On 1 December 2008 then-President-elect Obama announced Jones as his selection for National Security Advisor. The National Security Advisor is appointed by the President without confirmation by the U.S. Senate.

The selection surprised people because, as Michael Crowley reported "The two men didn't meet until Obama's foreign policy aide, Mark Lippert, arranged a 2005 sit-down, and, as of this October, Jones had only spoken to Obama twice." Crowley speculated that Jones' record suggests he is "someone who, unencumbered by strong ideological leanings, can evaluate ideas dispassionately whether they come from left or right," and, "This is probably why Obama picked him." Jones was also picked because he is well respected and likely to possess the skills to navigate the other prestigious and powerful cabinet members. "He does not appear to be a natural antagonist of anyone else on the team. Though he doesn't know Gates especially well, both men share long experience in the national security establishment (Gates was in the Air Force and previously headed the CIA). Jones and Clinton have a more direct connection, having bonded - as Hillary did with many military officials - during her tenure on the Senate Armed Services Committee. The two are said to have particularly clicked at a 2005 conference on security policy in Munich. Jones hosted a small private dinner that included Clinton and South Carolina Republican Senator Lindsey Graham, among others; at the end of the convivial evening, according to one person present, Jones followed Clinton out to her car to visit in private."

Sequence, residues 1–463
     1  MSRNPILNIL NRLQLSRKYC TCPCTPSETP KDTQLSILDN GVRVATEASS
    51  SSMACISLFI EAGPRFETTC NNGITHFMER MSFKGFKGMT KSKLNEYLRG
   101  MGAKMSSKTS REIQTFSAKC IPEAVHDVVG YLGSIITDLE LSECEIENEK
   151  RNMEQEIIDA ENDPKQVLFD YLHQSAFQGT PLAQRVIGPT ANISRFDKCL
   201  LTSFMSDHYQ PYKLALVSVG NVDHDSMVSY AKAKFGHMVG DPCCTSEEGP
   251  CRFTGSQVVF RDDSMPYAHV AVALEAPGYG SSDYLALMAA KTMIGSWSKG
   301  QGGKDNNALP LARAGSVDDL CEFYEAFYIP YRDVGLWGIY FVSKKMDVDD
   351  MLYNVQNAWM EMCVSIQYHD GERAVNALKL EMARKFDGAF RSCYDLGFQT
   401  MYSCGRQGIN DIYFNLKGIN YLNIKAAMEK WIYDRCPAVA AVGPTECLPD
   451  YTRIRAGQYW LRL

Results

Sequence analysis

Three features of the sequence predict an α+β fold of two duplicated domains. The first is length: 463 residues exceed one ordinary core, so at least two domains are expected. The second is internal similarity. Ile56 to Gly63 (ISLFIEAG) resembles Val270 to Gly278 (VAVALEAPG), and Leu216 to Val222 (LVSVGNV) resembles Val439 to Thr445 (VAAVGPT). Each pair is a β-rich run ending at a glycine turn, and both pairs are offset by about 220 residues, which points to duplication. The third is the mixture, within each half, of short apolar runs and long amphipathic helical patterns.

Jones assumed the post when Obama was sworn into office on 20 January 2009. He announced his resignation as National Security Advisor on 8 October 2010 and was replaced by Thomas E. Donilon.


Former U.S. Secretary of Defense William Cohen, who hired Jones as his military assistant, is quoted as saying Jones has a placid demeanor and a "methodical approach to problems - he's able to view issues at both the strategic and tactical level." While he was Commandant of the Marine Corps, Jones often signed e-mails as "Rifleman," because he served as an infantry officer.

Jones was also responsible for convincing country music artist Toby Keith that he should record and publish his popular concert hit Courtesy of the Red, White, & Blue (The Angry American).

Honoree ID: 400   Created by: MHOH